Point of Sale Success – Part 1: Creating a POS Item File
- Tom Modeen
The Pathway to a Successful Point of Sale System Implementation
The most common reason for purchasing a POS system is to arrive at a fully functional inventory control system. This includes ordering, receiving, sales analysis and accurate retail pricing. Point of Sale can provide all those benefits. You just have to understand how to get there. The process is simple, yet methodical. In this, the first in a series of posts, you will begin to learn the ABCs of planning for success.
# 1: Construct a Comprehensive Point of Sale Item File
A robust POS item file is the foundation for a fully functional inventory control system. A point of sale item file includes a valid product UPC (Universal Product Code), vendor order number, department codes for sales reporting, your acquisition cost and retail price. The UPC is key as is scanned at the POS register for item identification and customer price. If the UPC of the item is not scanned at the POS register, you create no sales record you have no reference for future purchasing decisions. Without the vendor order number, you cannot automate product ordering.
Constructing the point of sale item file will require a multi-tier approach. Your larger, primary wholesalers adhere to standardized, electronic files: the “832” catalog. They can make this file available to your POS vendor which can be easily imported into a quality POS software system. The file will include item description, valid UPC, vendor order number, department code, your cost and desired retail price. The bulk of your task can be automated and simplified. Wholesalers would also provide electronic price updates, which can be automated for greater accuracy.
The next tier in item file creation would be to obtain a price catalog from your secondary suppliers. Often these suppliers lack sufficient IT resources to provide you with an electronic file. If the supplier can provide the needed information in an Excel compatible file, this can generally be directly imported. If not, it will require quite a bit of data entry work on the part of your POS staff. If a specific item has already been added electronically, by your primary wholesaler and POS vendor, then the only data entry required will be the vendor order number and acquisition cost for your secondary vendor. Look for shortcuts whenever you can.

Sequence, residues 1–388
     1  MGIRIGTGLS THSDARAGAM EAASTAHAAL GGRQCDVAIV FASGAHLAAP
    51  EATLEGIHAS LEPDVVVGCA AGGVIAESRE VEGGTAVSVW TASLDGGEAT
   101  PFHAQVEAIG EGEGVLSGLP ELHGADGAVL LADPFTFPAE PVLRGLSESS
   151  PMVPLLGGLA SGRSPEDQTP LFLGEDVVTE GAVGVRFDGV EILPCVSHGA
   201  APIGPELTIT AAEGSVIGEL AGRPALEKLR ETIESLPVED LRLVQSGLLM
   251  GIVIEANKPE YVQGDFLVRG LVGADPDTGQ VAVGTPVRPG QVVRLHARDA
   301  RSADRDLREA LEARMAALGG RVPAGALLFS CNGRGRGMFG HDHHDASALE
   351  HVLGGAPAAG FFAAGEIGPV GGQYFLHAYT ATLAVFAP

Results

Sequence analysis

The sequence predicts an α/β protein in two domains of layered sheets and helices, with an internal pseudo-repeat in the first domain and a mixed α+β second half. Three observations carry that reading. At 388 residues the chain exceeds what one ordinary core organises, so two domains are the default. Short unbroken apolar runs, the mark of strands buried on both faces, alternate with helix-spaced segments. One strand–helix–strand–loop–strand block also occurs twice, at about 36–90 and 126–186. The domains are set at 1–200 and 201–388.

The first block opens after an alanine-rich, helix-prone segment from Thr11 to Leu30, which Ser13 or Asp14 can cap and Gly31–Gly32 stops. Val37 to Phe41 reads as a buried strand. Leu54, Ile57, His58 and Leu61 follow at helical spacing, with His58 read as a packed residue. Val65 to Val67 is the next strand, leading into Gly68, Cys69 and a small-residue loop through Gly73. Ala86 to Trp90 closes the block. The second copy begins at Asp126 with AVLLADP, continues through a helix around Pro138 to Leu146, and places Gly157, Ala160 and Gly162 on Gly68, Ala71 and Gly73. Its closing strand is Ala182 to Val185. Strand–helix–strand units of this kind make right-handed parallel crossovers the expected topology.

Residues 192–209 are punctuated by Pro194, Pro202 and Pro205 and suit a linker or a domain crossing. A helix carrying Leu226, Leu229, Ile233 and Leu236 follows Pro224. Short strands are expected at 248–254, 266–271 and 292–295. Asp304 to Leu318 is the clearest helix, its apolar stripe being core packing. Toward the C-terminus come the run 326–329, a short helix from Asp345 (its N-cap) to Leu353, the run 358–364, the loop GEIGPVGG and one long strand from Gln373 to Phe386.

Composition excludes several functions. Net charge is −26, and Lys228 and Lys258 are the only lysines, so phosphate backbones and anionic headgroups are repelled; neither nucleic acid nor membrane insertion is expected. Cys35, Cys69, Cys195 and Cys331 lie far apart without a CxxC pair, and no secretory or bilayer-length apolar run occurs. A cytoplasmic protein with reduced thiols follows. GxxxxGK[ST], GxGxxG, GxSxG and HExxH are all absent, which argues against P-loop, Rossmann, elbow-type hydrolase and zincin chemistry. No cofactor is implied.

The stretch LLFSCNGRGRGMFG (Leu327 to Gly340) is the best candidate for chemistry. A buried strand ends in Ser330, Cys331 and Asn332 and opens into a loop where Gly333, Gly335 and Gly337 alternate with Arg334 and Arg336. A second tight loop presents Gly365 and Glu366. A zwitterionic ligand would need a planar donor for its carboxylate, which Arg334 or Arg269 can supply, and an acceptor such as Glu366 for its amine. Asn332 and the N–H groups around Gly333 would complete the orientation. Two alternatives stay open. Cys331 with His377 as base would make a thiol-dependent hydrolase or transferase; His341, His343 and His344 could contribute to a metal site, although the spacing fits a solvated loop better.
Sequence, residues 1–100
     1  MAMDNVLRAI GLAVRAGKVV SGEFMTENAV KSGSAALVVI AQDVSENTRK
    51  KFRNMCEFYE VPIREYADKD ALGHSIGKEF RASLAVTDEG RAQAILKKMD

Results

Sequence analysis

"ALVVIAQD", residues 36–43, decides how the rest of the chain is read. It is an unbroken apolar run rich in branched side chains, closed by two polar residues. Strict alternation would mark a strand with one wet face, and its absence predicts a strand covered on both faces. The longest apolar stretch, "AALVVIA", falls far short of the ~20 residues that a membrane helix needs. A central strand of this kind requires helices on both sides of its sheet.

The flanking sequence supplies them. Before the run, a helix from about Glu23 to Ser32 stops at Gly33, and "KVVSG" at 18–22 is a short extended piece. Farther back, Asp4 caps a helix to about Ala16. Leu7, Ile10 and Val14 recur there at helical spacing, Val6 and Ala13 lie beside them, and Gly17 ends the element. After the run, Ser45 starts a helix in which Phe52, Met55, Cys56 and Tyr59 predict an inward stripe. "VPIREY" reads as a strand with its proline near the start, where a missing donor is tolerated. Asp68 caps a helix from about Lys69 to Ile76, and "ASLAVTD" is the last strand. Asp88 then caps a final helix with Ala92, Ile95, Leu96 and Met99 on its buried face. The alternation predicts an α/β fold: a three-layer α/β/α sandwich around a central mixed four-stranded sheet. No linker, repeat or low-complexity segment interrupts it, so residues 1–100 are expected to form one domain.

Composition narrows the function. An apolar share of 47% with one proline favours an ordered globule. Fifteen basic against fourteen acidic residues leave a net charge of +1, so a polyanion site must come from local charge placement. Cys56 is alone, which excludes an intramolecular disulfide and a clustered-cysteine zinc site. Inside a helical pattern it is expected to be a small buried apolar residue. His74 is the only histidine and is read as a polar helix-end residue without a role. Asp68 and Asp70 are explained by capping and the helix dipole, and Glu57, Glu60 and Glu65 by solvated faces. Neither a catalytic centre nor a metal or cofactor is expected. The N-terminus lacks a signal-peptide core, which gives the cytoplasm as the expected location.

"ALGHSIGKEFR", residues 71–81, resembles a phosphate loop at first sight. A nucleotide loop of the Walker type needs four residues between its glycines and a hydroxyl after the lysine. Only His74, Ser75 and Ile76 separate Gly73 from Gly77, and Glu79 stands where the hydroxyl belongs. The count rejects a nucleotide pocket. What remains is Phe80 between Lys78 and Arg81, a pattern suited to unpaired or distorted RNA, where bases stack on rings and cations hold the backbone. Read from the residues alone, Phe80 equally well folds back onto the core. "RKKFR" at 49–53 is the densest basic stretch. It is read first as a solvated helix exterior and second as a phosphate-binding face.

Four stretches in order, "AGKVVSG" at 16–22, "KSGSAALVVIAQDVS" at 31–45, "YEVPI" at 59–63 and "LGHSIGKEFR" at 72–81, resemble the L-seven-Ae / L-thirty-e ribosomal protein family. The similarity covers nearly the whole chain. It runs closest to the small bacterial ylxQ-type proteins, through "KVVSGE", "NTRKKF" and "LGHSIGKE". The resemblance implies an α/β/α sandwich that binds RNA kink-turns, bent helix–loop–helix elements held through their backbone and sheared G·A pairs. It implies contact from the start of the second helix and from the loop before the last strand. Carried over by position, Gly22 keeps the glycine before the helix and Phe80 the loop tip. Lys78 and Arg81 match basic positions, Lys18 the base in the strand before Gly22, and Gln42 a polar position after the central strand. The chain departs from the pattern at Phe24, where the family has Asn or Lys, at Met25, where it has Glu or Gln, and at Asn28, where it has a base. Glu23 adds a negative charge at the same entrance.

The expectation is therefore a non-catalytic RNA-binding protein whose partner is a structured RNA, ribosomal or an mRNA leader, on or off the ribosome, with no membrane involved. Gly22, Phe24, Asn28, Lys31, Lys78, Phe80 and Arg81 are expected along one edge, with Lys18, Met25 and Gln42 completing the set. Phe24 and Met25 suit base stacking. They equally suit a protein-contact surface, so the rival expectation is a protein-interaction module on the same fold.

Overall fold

Moving through the selection of items you might offer in your inventory will be the card and vitamin section, which you may purchase directly from those distributors. Generally, these vendors can supply an electronic catalog file. Consult with your POS vendor for a standard item file format so you can distribute it to those suppliers. This will make the task much simpler.
The last section of your inventory will be items that have no assigned UPC. This may include gift items which afford a higher markup and some imported ethnic products. These products will have to be entered, manually, in your POS item file. However, modern point of sale systems will “auto-assign” a valid UPC for these products which will allow them to be scanned at the POS register. This helps foster price uniformity and rapid checkout for customers.
Your end goal is to achieve a POS register scan rate of 80 to 90% of all of the items in your inventory. Meeting that goal will contribute greatly to moving from a simple cash register system to a managed inventory system.
Continue Reading: Part 2 Importance of Shelf Labels | Part 3 Ordering Inventory